Weathering on NMF kits

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Weathering on NMF kits

Joined: February 28th, 2005, 10:42 am

July 1st, 2012, 9:08 pm #1

This is just an observation we made looking at many kits that are painted in natural metal.A lot of the kits have preshading but for example as far as we know the wings of the Mustang were puttied to make the aircraft more aerodynamic so at least in theory there should not be any spaces for the dirt to accumulate.Two weeks ago my Dad talked lenghthy with the vice president of ipms Deutschland at a model show and he shared my father's opinion that the spaces between the panels on real aircraft are so narrow that it is highly improbable that so much dirt accumulates as modellers show it on their kits.

Greetings

Christian
Last edited by GiampieroSilvestri on July 1st, 2012, 9:21 pm, edited 1 time in total.
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Joined: June 13th, 2008, 10:54 am

July 1st, 2012, 9:22 pm #2

Indeed, indeed, indeed. Some people need to get in the field and look at real planes sometimes. But, just as art goes through phases and styles, so does modelling. We are just in the preshading and over highlighting phase.
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Joined: March 19th, 2007, 9:06 am

July 1st, 2012, 9:44 pm #3

This is just an observation we made looking at many kits that are painted in natural metal.A lot of the kits have preshading but for example as far as we know the wings of the Mustang were puttied to make the aircraft more aerodynamic so at least in theory there should not be any spaces for the dirt to accumulate.Two weeks ago my Dad talked lenghthy with the vice president of ipms Deutschland at a model show and he shared my father's opinion that the spaces between the panels on real aircraft are so narrow that it is highly improbable that so much dirt accumulates as modellers show it on their kits.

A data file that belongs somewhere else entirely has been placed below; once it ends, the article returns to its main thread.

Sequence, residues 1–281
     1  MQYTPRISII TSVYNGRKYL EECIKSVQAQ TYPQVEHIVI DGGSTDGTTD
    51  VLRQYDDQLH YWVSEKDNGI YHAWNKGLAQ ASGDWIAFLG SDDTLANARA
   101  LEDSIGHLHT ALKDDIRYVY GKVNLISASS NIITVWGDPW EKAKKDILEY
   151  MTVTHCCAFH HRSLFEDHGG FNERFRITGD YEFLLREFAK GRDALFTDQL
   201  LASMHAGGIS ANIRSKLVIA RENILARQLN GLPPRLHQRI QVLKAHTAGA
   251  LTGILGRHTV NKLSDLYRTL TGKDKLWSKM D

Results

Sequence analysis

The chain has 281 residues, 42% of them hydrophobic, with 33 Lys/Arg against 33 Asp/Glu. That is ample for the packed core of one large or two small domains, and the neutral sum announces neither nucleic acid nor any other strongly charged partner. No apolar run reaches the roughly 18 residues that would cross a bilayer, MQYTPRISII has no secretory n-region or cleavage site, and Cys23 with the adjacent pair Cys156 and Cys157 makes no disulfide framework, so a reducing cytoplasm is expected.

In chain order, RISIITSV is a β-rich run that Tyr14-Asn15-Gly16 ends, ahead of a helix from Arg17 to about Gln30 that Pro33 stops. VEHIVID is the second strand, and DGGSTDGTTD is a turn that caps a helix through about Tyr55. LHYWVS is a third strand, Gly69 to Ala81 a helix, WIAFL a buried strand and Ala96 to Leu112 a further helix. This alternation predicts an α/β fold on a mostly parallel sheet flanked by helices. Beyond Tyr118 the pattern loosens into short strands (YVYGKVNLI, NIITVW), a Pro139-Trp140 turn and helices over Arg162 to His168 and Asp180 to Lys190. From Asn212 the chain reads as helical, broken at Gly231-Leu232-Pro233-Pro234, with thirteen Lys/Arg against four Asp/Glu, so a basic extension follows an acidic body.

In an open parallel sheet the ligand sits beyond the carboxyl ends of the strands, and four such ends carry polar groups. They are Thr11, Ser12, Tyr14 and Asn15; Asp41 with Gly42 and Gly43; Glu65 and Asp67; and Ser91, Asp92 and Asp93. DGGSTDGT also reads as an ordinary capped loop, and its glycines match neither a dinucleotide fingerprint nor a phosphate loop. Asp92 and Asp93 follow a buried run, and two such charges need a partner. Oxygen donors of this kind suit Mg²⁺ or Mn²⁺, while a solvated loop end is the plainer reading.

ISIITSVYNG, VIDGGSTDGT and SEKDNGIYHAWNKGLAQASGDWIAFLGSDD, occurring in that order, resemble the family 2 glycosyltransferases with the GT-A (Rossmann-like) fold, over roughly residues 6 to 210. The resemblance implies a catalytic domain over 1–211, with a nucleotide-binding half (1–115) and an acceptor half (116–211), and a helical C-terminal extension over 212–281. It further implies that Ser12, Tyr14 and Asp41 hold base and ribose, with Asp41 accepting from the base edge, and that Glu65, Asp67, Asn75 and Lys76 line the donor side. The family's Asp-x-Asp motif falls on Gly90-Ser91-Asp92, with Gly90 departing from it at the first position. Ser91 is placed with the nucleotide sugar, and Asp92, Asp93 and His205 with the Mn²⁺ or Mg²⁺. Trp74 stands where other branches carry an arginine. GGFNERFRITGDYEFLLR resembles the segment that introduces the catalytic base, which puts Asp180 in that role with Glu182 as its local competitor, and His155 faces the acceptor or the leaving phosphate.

Greetings

Christian
Good for you I guess. I don't know why people have to keep dragging this stuff up. You've missed the point, preshading isn't used to represent dirt per se, it's an artistic effect to show variation to the colour, if you don't like it then don't use it. I doubt even the most ardent preshader thinks there was a foot wide swath of dirt along each panel.
Last edited by Gluehuffer on July 1st, 2012, 9:50 pm, edited 1 time in total.
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Joined: November 14th, 2005, 7:39 pm

July 1st, 2012, 9:45 pm #4

This is just an observation we made looking at many kits that are painted in natural metal.A lot of the kits have preshading but for example as far as we know the wings of the Mustang were puttied to make the aircraft more aerodynamic so at least in theory there should not be any spaces for the dirt to accumulate.Two weeks ago my Dad talked lenghthy with the vice president of ipms Deutschland at a model show and he shared my father's opinion that the spaces between the panels on real aircraft are so narrow that it is highly improbable that so much dirt accumulates as modellers show it on their kits.

Greetings

Christian
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Yes, Sometimes people do go overboard!
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"Never run out of airspeed,altitude and ideas all at the same time" Pilots Creed
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Joined: February 27th, 2005, 6:29 am

July 1st, 2012, 11:53 pm #5

This is just an observation we made looking at many kits that are painted in natural metal.A lot of the kits have preshading but for example as far as we know the wings of the Mustang were puttied to make the aircraft more aerodynamic so at least in theory there should not be any spaces for the dirt to accumulate.Two weeks ago my Dad talked lenghthy with the vice president of ipms Deutschland at a model show and he shared my father's opinion that the spaces between the panels on real aircraft are so narrow that it is highly improbable that so much dirt accumulates as modellers show it on their kits.

Greetings

Christian
The "the real thing would never accumulate dirt in the lines" need to check some reference photos and look at real aircraft.

Here's a bright and shiny F-104... wait is that dirt accumulating against those panels and in the fastners.



Those who do preshade tend to apply preshading and panel line washes in a uniform way which isn't always realistic, but it's a choice. I'm in this camp, if you don't like my work, I'll get over it...

Over the years, I've saved numerous photos and observed real aircraft with weathered finishes. Everytime this thread gets posted (and it gets posted alot) I think about posting the many shots of extensively weathered aircraft but know you can counter with shots of aircraft that aren't weathered.. the trick is to make sure your approach is appropriate to the model you are building